Traverse City Homeless 'Bill of Rights' Could Turn Public Facilities into Impromptu Shelters

Document includes restricting media from labeling people 'homeless'

Traverse City's governing body recently passed a resolution that among other things could make it harder for libraries and other public facilities to enforce rules banning vagrants from using their facility as a place to hang out. “A Resolution Recognizing the Rights of Homeless Persons," as the document is titled, is the product of an arm of city government called the Human Rights Commission.

Commission member Patricia Nugent said, “We’re trying to be proactive. The population has grown in the last few years and we don’t want to see bad things start to happen.”

By “bad things,” Nugent means laws passed in cities around the country restricting homeless people from using public places as a shelter rather than for their intended use. It remains unclear whether the resolution could be used to undermine rules adopted by libraries and other public facilities that want to restrict vagrants they believe dissuade regular patrons from visiting.

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Jason Gillman, president of the Traverse Area District Library board of trustees, has a different take on such policies. He said: “When a person walks into our library, there isn't a label on them that says 'homeless.' To be good stewards of public resources libraries adopt rules to protect all patrons. Empowering activists to challenge these commonsense rules based on special 'rights' granted to a particular population would not be a good idea."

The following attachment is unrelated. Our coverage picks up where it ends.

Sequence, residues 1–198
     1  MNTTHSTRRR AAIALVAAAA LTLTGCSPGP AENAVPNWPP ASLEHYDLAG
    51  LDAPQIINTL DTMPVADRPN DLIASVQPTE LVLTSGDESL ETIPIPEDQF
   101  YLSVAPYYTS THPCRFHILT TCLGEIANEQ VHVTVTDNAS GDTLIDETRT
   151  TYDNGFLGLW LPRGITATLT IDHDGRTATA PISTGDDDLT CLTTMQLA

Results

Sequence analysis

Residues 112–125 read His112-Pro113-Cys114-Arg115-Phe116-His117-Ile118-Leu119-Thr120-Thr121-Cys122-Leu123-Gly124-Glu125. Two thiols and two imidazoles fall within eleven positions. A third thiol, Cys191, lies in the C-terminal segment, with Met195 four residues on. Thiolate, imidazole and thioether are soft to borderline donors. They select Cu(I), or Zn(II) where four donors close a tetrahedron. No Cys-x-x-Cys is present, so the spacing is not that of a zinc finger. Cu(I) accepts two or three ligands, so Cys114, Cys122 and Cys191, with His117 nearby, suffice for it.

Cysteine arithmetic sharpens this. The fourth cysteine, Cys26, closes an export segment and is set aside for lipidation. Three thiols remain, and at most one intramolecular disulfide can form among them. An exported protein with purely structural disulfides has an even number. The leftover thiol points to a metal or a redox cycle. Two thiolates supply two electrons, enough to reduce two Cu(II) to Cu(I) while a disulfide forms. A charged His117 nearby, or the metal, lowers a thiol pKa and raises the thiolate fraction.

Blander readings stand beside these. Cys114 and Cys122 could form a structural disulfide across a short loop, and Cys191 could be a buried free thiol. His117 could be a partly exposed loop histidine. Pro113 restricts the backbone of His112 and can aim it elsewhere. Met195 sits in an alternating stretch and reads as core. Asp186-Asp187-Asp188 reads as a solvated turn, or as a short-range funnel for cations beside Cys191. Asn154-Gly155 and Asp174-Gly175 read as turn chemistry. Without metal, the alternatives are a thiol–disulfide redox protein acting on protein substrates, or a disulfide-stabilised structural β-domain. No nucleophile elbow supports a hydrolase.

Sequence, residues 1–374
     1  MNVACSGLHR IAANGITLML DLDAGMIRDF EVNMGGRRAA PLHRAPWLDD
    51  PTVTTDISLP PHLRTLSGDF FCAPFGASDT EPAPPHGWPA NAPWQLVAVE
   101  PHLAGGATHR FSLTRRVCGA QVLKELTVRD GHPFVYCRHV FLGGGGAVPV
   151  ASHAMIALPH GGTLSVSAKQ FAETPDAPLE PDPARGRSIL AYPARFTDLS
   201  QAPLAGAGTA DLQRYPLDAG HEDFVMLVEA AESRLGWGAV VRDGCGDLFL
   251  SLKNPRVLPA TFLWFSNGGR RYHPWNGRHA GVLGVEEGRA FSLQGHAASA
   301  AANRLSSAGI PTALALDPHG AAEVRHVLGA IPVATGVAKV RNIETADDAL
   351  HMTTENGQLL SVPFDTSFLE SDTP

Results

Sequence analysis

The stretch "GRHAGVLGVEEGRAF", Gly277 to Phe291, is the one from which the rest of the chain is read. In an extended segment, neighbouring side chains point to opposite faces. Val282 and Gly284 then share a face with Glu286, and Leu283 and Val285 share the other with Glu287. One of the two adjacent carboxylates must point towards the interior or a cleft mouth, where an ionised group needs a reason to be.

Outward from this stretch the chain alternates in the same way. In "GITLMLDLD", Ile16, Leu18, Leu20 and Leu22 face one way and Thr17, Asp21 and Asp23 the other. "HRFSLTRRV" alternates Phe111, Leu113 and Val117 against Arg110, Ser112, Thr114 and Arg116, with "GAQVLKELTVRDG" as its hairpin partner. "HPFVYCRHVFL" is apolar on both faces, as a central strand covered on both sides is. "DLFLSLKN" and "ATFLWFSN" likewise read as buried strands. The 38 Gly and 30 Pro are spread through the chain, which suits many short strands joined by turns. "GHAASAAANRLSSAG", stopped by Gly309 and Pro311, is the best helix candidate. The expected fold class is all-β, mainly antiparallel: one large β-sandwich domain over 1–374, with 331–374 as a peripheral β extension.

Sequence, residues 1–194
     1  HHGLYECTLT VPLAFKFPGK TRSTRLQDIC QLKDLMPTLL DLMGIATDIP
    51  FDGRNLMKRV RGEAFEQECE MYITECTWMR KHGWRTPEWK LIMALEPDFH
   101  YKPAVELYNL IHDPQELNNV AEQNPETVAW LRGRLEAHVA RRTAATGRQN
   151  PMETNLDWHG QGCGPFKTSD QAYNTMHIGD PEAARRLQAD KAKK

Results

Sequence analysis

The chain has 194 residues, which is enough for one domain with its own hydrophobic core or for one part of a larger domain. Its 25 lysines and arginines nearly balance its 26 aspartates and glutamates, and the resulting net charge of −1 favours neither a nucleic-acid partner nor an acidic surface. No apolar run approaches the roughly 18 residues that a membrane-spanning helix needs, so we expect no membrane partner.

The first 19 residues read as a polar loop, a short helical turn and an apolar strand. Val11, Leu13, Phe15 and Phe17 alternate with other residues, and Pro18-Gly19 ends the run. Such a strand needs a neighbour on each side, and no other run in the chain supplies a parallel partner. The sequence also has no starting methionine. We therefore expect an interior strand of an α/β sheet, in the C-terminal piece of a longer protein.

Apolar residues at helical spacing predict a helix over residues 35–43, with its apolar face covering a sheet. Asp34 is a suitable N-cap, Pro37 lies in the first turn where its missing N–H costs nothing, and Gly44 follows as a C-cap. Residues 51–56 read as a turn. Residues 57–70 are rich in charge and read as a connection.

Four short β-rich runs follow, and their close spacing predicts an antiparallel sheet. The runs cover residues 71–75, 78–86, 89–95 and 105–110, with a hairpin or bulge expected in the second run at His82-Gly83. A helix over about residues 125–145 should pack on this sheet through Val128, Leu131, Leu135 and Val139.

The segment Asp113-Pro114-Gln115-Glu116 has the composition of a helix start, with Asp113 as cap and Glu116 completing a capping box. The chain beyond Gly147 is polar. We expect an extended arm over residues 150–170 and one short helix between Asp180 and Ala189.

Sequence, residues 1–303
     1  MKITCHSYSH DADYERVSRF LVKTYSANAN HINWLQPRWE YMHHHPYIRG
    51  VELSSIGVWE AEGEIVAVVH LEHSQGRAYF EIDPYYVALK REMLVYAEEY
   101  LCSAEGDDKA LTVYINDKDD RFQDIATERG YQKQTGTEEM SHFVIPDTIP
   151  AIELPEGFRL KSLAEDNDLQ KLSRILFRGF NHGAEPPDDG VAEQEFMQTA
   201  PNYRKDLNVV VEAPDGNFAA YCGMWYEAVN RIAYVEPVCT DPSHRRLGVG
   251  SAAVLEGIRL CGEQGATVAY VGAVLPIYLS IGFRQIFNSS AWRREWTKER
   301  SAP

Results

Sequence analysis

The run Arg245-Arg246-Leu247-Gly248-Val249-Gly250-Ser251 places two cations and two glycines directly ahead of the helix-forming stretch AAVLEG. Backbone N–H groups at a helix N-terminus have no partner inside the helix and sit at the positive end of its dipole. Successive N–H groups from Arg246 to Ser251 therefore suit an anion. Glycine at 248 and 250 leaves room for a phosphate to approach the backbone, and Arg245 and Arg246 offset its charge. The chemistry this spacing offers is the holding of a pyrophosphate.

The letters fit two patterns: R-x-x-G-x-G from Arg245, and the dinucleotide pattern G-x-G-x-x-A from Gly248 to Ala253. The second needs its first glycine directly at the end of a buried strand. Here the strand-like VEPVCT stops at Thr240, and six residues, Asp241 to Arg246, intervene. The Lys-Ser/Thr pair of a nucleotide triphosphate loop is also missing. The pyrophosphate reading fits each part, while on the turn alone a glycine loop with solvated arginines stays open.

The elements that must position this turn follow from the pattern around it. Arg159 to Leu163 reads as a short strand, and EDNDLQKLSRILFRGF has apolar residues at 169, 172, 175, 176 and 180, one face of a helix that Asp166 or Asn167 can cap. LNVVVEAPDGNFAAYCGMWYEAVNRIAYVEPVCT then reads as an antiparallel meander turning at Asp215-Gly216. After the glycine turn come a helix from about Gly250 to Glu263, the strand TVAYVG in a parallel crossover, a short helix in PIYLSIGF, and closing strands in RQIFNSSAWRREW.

Gillman also expressed concern for the rights of taxpayers who want to use the library for its intended purpose, or parents who want to bring their kids without being confronted by a spectacle.

For example, MLive has reported on a problem with heroin use at the downtown Ann Arbor public library. The library had four heroin overdoses from 2011 to 2014 and at least one drug deal was made there during that span.

The Traverse City resolution states that the homeless should be able to “move freely in public places in the same manner as other persons without harassment or intimidation,” and have equal opportunity to employment, to vote, have a “reasonable expectation of privacy,” and be able to “access basic requirements necessary for sustaining life, including shelter, sanitation, medical care, clothing and food.”

One provision of the resolution also raises concerns related to the First Amendment, since it appears to tell journalists what they can and cannot report. Specifically, it creates an individual “right” to “have economic status not reported in media reports." The ACLU of Michigan chose to decline to comment on the resolution.

It may be premature to focus too much on specific concerns, however, since even the resolution’s authors admit it probably has few teeth. Nugent said, “We use this document as a publicity document to create more awareness around the city that we have a homeless population and they do have rights and the commission will do some activities that will continue to keep public awareness and public education.”

But she also hinted that if the resolution does not bring about the commission's goal of making the public show more respect to homeless individuals, then the city may have to create something with more regulatory power, like an anti-discrimination ordinance that authorizes fines and lawsuits. Nugent believes this is the only resolution of its kind in Michigan.